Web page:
September 30, 2010

A Hard Day

(photo courtesy of Stuart Seeger, via Flickr)

Yesterday our son came home with terrible news.

A dear friend and fellow third grader had explained that his parents had said the boys couldn't be friends anymore.

Both boys are confused and sad. We don't know what precipitated this declaration, but based on our son's story and some other prior interactions, we suspect that homophobia may be at the root of it.

As a lesbian parent, I'd been warned that this day was coming. But nothing really prepares you for trying to explain the inexplicable to your wounded child.

I'll be reaching out to my Muslim and African-American friends today for their advice and support. There are too many of us who live in fear of the day our children will come home with a broken heart.

And we'll be talking with our boy about civil disobedience again... for as much as we want him to respect the adults in his life, we also want him to understand that he is ultimately in charge of who his friends are.

Mostly, though, we're going to listen with love and empathy as he tries to process this.

If you know our son and you're reading this, please don't mention it to him unless he brings it up. We think there's a chance that the boys will "forget" the nonsensical edict and continue to enjoy each other's company at school, at least.

This is the kind of private situation I would typically refrain from blogging about. But in honor of the memory of Tyler Clementi, who should have been celebrating his first month as a college freshman today, I am speaking out.

Homophobia and other forms of prejudice are fueled by fear of the unknown. As much as I believe, as a Quaker, in the power of centered and prayerful silence, I also believe that we have a responsibility to speak our truths as we are able.

So this is my truth: we all deserve to feel safe, respected, and loved.

Please join me in taking a stand against racism, homophobia, sexism, Islamophobia, anti-Semitism, and other forms of soul-chilling discrimination in your schools and communities. Talk with the people in your life about the challenges you've faced and the steps you've taken to overcome them. And hold a good thought for my son and his friend.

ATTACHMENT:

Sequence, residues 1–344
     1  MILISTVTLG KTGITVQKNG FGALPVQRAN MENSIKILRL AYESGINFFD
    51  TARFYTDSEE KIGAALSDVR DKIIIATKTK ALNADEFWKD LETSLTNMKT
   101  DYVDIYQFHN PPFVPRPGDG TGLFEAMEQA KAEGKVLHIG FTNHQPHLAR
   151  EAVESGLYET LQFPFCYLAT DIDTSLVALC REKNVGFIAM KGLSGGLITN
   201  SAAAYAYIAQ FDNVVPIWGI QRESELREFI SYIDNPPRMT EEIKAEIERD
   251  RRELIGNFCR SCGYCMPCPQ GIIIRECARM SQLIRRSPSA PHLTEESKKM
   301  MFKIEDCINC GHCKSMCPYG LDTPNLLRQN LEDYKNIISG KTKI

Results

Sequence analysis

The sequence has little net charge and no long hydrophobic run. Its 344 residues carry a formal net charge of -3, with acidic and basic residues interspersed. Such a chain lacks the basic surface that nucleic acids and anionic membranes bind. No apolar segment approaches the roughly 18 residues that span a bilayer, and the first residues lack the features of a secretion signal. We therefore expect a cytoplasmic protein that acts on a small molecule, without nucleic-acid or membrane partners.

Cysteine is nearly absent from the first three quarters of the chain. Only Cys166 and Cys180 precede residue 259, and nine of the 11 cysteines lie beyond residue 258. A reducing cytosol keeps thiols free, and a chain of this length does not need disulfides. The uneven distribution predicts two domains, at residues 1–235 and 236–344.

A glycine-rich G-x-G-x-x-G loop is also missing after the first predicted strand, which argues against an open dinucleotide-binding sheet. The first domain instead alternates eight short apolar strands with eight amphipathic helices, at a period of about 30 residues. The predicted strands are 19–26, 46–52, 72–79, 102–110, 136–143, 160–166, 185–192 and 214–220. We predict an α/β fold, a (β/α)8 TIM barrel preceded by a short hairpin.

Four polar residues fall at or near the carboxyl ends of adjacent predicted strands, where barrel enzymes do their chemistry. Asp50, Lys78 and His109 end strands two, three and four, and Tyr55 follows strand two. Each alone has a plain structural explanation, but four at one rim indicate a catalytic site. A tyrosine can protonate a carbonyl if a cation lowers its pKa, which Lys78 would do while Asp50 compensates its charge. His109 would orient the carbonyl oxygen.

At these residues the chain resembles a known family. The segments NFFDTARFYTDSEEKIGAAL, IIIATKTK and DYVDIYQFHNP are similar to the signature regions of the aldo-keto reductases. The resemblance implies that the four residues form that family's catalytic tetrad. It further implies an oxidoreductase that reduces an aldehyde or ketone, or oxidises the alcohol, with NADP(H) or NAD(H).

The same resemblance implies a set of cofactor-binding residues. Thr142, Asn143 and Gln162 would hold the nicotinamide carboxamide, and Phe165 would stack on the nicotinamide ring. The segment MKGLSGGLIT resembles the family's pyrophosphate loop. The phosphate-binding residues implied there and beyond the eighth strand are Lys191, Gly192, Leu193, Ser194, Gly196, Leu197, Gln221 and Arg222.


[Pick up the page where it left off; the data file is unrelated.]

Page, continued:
(See the good news update here!)


JAXTER said...

I will be keeping this close in my thoughts today, sending energy out and hoping that you, T&D will find your way through such a horrible situation, ohhhhh, I am so sorry for D.

Anonymous said...

thanks for sharing this - jody

MemeGRL said...

Oh, no. I am so, so sorry. My heart breaks for the little guy. Both of them, really. Thanks for sharing this, as a reminder that even in crunchy towns like ours, these things happen.

Robin said...

I'm so sorry, Shelly - what a terrible thing to happen to you and your family.

Wanted to say that you were the first person to show me a positive representation of gay people and to make me rethink my casual not-very-pro-gay thinking (not actively homophobic, but having absorbed some mild prejudiced views from school). You gave a talk at college my first week there that made me think "Of course! why think being gay is a bad thing? that's stupid! Of course people should be free to love who they want to love."

Basically, you changed the course of my life in how I think about gay people and therefore how I treat them and argue for their equality, etc. I'm sure you changed many other people's views as well. It doesn't help your situation now, but I hope it might be a bit of a balm for you.

Deborah Blicher said...